Crop Storage Suitability

Many factors can damage beet fields and cause roots to be unfit for long term storage. Fields with a high percentage of roots damaged by 1) root rot 2) spray drift and 3) flooding should be harvested during pre-pile. Such fields have less potential to increase in yield and quality if left for later harvest. Contact your agriculturist to make arrangements to lift entire fields during the pre-pile period. You must have enough pre-pile quota to lift whole fields during the pre-pile period.

Defoliation Best Management Practices

The setup and operation of sugarbeet defoliators has not received enough attention. Payments to growers can be dramatically affected because of the impact of defoliator operation on crop yield and quality.

Objectives of the Defoliation Operation Are To:

  • remove all petiole and leaf material from beet crowns.
  • minimize root and crown breakage.
  • eliminate loss of yield from beets knocked out of the row.
  • sweep soil and beet canopy debris from the area adjacent to each beet row to facilitate lifting, especially on the harvester row finder row.
  • remove only the top 1/3 or a 50-cent piece size part of the crown when using scalpers.

Figure 1: Properly and Improperly Flail Defoliated Beets

384b .1

Figure 2: Properly and Improperly Scalped beets.

384b .2

Scalping vs. Flailing

No matter what method of defoliation is used, for acceptable storage, we must have beets free from leaves, petioles, dirt and trash.

Now comes the question – "Should I scalp - Yes or No?" Ideally, if you can do a good job of scalping by taking a 50-cent sized piece off the crown, this is probably the best method of defoliation. (Figure 3.) Sometimes this is difficult however. In an uneven stand of beets where large beets and small beets are side by side in the row, the larger beet will tend to grow higher out of the ground than the smaller beet making it almost impossible to do a good job with the scalpers. (Figure 4.) Another item to be aware of with scalpers, if not set properly, they can be too aggressive. (Figure 5.) One ounce of excess weight taken per beet on a stand of 150 beets / 100’ equates to 1.1 ton/acre of lost yield!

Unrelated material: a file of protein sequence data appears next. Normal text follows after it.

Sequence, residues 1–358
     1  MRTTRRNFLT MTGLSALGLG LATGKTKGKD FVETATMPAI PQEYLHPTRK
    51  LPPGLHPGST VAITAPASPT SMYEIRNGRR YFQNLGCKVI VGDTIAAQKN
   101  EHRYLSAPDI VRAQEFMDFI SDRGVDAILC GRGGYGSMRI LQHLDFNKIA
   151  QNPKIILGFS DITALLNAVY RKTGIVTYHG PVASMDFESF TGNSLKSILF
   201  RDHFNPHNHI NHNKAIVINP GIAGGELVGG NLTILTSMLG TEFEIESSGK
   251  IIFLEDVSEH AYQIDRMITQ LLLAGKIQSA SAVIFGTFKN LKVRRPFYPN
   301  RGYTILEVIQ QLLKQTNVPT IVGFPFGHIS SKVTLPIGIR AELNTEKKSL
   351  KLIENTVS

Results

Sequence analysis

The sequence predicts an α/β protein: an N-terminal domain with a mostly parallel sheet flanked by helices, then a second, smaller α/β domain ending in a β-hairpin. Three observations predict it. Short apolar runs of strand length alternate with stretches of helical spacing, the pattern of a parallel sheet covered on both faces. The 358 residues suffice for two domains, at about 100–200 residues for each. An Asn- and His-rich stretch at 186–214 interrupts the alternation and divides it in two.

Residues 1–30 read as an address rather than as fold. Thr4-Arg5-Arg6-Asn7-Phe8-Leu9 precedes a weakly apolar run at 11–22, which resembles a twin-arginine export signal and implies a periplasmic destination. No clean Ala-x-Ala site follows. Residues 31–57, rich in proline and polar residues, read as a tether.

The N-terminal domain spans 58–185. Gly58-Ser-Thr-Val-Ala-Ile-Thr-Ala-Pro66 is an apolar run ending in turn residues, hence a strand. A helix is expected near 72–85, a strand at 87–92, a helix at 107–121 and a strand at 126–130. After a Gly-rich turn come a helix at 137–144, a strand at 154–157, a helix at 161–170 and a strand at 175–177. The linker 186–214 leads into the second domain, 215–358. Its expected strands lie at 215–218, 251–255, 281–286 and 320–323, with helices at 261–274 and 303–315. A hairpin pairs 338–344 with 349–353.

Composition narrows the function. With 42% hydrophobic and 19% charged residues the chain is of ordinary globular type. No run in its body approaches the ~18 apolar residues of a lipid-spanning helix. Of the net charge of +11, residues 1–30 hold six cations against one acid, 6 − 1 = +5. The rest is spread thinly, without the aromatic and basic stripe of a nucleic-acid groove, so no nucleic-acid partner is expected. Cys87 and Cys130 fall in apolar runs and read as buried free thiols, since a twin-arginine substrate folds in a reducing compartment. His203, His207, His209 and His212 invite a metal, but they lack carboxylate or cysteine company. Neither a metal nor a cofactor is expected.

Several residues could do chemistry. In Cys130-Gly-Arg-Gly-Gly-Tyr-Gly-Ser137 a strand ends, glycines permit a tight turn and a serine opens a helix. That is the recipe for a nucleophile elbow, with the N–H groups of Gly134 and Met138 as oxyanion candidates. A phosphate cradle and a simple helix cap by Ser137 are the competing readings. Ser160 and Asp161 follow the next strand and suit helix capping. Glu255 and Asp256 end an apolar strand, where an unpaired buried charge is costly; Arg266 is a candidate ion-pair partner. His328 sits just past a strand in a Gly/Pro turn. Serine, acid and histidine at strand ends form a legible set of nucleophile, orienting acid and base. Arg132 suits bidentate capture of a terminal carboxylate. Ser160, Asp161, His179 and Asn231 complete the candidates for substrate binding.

384b .3

384b .4

384b .5

The goal of scalping is to remove a portion of the crown area that contains the highest impurities, the lowest sugar content and the active growing point. When done properly, in most cases you can see an increase in return per acre. The risks though are in losing significant tonnage by scalping too aggressively (Figure 5.) and in exposing a large area of cut beet which increases the respiration rate and opens the crown parenchyma cells to infection and rot which is reflected in higher sugar losses.

A study conducted in 1980 by Dr. Larry Smith at the University of Minnesota – Crookston demonstrated the possible benefit of scalping. (Table 2.) shows the summarized results of the study pointing toward a reduction in tons harvested but an increase in sugar, a reduction in %SLM and an increase in purity. By using a figure of 22 cents/lb. of sugar, this study showed a $35/acre increase in the gross beet payment.

Table 2. The Effect Of Scalping vs. Non-Scalping 1980 - Dr. Larry Smith, U of M

TreatmentYieldSugarSLMRecoverable SugarNaKAmino N Impurity Index Gross Beet Payment 
(T/A)(%)(%)(lbs/A)(%)(lbs/T)Per Acre 
Scalped  18.2  17.1  2.3  5395  87.1  297  4676  2215  777  856  $568.71 
Non-Scalped  19.7  16.2  2.35  5459  85.5  278  580  2327  825  969  $533.24 

Another study conducted in 1987 by Tom Zidon, Sr. Agriculturist, American Crystal Sugar, also shows the benefits of proper scalping. Beets were dug by hand and 3 inches of petioles were left on the beets. The beets were then cut in half lengthwise and with one of the beet halves topped by hand to the first leaf scar. The samples were analyzed in the quality lab and the results (using 22 cents/lb. for sugar) are as follows (Table 3):

Table 3. Scalped vs. Green - 1987 - Tom Zidon, ACSC

 % Sugar% SLMEstimated Gross $/s per ton
Scalped 17.59 1.63 $36.35
Green 16.49 1.70 $31.20
Difference 1.10 -0.07 $5.15

A difference of $5.15/ton on a 20 ton crop is over $100/acre! This compares the optimum to the absolute worst but it does show the value of proper defoliation. Just one poorly defoliated beet in ten could cost you $10/acre!

So, What is the Answer?

1. SCALP if:

  • you have a uniform stand,
  • you can remove all of the leaves and petioles,
  • and you can scalp a 50 cent sized cut from the crown of the beet; you should be money ahead by using the scalpers.

2. FLAIL if:

  • you have an uneven stand,
  • you aren’t doing a good job of removing the leaves and petioles,